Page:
Growth Spurts and Typical Growth Periods

Istock 000017235059small Copy

Growth during childhood is a key indicator of a child’s overall well-being and is influenced by numerous factors such as diet, environment, genetics and hormones. Every child grows and matures differently. It can be completely normal for your child to be the smallest fifth-grader, only to tower above his peers two years later.

Heredity is a large factor in determining growth potential. If the child of two short parents aspires to be 6 feet tall, he likely will be in for disappointment down the road.

Normal rate of growth is characterized by periods of rapid growth (spurts) followed by alternating periods of slowing. There are four recognized growth periods:

• Infancy to 2 years.
• Preschool years.
• Middle childhood (7 to 10 years).
• Adolescence (11 to 20 years).

Infancy is a time of rapid growth. Healthy babies lose weight in the first days after delivery but are expected to be back to birth weight at 2 weeks old. Most babies double their birth weight by the time they are 5 months old, and triple it between 14-15 months. Birth length doubles around 3-4 years. In addition to measuring weight and length, your doctor plots head circumference as an indirect measure of brain growth. This can identify underlying neurological disorders or anatomic abnormalities.

A pediatrician measures weight and height at each visit and plots results on standardized growth charts. This allows the doctor to monitor the rate of your child’s individual growth from infancy to adulthood and compare it to well-established age- and sex-matched controls. By the time children are 2, pediatricians monitor body mass index to predict body fat based on weight and height.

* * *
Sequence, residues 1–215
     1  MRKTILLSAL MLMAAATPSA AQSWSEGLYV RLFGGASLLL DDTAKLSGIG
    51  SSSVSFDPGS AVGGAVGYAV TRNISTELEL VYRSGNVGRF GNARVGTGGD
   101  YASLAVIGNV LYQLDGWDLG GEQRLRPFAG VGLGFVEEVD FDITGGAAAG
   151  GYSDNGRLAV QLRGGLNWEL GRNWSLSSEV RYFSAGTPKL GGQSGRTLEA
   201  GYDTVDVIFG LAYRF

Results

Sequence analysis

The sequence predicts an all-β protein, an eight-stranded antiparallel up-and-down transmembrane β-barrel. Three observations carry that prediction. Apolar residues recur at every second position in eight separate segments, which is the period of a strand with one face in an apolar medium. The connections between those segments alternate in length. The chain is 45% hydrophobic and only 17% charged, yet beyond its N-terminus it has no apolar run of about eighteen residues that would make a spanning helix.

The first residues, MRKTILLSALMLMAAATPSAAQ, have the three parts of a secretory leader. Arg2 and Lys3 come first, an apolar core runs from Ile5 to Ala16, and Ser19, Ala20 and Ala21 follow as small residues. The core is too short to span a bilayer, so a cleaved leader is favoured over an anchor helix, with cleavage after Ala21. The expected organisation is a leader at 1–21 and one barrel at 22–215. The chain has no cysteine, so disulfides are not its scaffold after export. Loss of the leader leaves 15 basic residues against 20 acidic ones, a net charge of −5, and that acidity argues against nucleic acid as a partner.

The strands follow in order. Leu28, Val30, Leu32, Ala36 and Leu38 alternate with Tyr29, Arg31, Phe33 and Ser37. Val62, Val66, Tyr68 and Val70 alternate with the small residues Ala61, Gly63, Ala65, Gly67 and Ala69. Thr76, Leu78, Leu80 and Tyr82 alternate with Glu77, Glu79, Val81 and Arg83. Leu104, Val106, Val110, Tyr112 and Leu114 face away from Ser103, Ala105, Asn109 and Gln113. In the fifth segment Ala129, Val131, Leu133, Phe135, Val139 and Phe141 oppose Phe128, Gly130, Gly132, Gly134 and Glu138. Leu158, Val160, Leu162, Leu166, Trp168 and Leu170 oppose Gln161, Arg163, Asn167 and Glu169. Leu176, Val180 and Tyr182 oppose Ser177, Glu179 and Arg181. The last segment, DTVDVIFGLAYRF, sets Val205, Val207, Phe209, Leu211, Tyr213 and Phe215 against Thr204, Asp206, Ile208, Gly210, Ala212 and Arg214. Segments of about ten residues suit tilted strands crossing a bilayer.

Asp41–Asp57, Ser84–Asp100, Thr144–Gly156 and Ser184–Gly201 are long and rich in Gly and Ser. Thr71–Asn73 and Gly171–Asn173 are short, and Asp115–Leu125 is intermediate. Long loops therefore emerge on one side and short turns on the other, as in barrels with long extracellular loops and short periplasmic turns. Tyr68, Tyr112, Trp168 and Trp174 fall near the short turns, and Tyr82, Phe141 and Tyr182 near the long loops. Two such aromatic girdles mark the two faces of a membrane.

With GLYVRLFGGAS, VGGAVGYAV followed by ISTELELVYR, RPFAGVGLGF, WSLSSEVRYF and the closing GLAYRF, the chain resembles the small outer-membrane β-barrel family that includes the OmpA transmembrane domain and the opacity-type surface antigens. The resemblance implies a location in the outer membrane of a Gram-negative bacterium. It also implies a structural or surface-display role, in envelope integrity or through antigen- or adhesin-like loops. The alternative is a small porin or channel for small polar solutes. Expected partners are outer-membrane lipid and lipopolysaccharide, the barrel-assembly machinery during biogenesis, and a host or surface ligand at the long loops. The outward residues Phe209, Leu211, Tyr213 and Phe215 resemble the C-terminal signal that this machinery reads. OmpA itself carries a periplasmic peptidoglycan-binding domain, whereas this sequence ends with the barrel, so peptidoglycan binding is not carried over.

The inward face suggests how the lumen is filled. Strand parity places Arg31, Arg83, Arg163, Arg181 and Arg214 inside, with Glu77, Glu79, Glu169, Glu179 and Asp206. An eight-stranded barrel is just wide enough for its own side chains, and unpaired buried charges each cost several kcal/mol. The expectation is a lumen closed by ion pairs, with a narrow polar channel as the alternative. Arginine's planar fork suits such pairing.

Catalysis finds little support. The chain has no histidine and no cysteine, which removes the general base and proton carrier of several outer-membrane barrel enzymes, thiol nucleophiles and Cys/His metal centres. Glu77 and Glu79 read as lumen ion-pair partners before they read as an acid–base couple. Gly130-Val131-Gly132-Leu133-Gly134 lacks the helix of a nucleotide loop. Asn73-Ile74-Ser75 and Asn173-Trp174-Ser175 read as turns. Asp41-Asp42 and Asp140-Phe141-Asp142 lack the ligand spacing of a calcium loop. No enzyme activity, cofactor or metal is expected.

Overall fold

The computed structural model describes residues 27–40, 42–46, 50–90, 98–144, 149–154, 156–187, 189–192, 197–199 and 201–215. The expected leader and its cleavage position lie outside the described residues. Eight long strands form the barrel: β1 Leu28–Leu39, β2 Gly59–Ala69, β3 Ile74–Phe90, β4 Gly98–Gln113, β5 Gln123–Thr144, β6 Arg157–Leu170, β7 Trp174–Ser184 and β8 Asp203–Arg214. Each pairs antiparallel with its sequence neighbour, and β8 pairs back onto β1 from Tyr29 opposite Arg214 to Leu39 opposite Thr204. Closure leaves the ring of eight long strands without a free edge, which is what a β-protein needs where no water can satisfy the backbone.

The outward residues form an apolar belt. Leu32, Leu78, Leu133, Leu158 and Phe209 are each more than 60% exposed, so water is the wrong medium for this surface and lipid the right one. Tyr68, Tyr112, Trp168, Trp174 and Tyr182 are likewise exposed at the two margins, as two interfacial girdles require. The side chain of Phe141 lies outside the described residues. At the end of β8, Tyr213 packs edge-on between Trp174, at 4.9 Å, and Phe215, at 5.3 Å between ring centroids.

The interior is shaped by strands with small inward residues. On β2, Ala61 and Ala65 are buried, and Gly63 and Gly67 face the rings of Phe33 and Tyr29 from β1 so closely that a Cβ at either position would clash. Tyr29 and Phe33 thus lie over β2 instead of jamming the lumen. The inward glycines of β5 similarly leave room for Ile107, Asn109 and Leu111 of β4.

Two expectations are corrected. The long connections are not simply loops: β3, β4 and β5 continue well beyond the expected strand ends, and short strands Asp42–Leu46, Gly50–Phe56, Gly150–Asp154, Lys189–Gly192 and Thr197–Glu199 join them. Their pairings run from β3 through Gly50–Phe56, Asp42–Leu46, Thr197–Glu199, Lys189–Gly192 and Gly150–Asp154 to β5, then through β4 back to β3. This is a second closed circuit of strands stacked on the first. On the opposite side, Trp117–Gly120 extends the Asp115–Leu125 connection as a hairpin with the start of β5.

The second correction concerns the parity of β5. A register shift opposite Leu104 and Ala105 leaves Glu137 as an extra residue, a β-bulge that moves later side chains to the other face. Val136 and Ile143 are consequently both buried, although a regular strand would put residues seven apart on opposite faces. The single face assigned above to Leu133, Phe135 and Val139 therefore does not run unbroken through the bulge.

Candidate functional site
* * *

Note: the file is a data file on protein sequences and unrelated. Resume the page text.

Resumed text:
The specific weight and height at each visit is not nearly as important as the trajectory of growth on each child’s individual curve. So-called “jumping” or “falling” off a curve can be the first sign of an underlying problem.

Causes of growth disorders are numerous, including environmental factors, inherited diseases, infection and hormone deficiency. Once children reach early adolescence, signs of puberty are also taken into account when evaluating growth. If there is concern for slow growth, delayed puberty or both, a doctor may consider doing lab work or referring your child to an endocrinologist.

If you have concerns about your child’s growth, it is important to discuss them with his or her doctor. Ask to see your child’s growth curve. Be prepared to answer questions about diet, including what and how much they eat and how it is prepared. Know your family history, including anyone with delayed growth, hormone problems, childhood heart disease or any other inherited conditions.

Attending all scheduled well-child visits and having open discussions with your pediatrician about any concerns are keys to early recognition of growth problems and overall promotion of good health.

Dr. Jeana Bush is a resident pediatrician at Carolinas Medical Center, and Dr. Erin Stubbs is a board-certified pediatrician at CMC Myers Park Pediatrics.